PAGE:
In addition to the interviews, I also conducted three observations of the participants and instructors of Transitions Prep. These observations gave insight into the participants' interactions with one another and the instructors (Chase, 2011). During the observations, I attempted to be an unobtrusive observer by sitting in the back of the class and refraining from participating when possible. However, the instructors frequently asked for my input, especially regarding topics related to academic advising. I participated when prompted and responded to general questions, such as the timeline to register for classes. I did not provide answers regarding specific situations, like scheduling recommendations, as this required a more in-depth advising session. This helped me to build a trusting relationship with the instructors and participants.
Online discussion posts were required of the students in Transitions Prep, and I reviewed these discussion posts as part of my observations of the class. The topics of the discussion posts focused on the progress the participants had made towards their goals and their assessment of their performance in the program.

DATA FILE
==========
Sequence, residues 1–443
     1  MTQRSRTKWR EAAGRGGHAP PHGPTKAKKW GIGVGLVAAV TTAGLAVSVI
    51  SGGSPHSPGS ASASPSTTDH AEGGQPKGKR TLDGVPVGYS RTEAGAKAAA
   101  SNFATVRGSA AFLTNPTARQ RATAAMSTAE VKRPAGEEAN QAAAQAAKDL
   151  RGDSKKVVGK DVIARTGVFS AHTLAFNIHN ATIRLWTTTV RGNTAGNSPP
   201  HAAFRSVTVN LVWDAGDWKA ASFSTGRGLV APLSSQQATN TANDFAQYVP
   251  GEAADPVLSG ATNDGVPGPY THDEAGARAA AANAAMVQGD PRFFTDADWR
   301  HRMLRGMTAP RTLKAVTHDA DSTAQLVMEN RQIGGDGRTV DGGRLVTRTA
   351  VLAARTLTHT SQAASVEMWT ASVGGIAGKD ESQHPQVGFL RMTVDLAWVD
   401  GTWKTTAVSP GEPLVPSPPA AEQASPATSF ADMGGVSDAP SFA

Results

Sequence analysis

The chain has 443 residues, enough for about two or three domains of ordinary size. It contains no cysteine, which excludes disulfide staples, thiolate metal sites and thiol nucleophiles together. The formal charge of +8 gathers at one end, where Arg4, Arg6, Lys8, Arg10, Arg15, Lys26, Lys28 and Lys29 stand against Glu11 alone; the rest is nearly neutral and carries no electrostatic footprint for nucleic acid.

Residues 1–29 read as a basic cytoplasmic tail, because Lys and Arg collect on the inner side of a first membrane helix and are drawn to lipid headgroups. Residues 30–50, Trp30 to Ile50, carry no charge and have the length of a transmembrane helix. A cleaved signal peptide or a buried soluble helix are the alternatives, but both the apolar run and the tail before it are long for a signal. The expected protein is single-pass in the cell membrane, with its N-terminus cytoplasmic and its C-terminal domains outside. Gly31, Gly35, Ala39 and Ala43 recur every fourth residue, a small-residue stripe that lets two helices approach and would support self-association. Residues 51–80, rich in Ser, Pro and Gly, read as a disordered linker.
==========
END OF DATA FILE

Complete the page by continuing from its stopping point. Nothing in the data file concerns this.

The final data source was the participants' essays. To conclude the program, the participants wrote essays about how the program helped to shape their future goals and decisions on enrolling in college classes. They also gave brief presentations about their essays. I observed the presentations and collected copies of each presentation for further review.
Hermeneutics was used to analyze the participants' narratives. Through hermeneutics, researchers construct “the reality on the basis of their interpretations of data with the help of participants who provided the data in the study” (Patton, 2002, p. 115). As suggested by Patterson and Williams (2002), I developed an organizing system to outline my approach to data analysis. The development of an organizing system “promotes a more holistic understanding of the phenomenon by showing the inter-relationships among themes and by retaining a rich characterization of individual themes” (Patterson & Williams, 2002, p. 46). My process followed the six steps outlined below: